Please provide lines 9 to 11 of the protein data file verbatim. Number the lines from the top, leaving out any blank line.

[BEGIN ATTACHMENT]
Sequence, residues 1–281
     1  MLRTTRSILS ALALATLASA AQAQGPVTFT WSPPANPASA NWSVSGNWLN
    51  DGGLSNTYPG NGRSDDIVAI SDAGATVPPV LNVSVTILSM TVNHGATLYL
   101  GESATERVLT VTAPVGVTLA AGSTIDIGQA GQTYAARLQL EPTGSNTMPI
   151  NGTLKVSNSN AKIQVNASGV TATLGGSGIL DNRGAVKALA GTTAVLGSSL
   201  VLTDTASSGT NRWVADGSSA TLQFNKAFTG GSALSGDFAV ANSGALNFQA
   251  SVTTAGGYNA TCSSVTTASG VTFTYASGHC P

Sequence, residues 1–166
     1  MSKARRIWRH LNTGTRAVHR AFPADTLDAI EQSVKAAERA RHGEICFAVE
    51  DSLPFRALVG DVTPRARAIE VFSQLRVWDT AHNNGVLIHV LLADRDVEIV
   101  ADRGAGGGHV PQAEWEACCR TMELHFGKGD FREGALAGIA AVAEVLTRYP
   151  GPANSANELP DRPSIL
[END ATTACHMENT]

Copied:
     1  MSKARRIWRH LNTGTRAVHR AFPADTLDAI EQSVKAAERA RHGEICFAVE
    51  DSLPFRALVG DVTPRARAIE VFSQLRVWDT AHNNGVLIHV LLADRDVEIV
   101  ADRGAGGGHV PQAEWEACCR TMELHFGKGD FREGALAGIA AVAEVLTRYP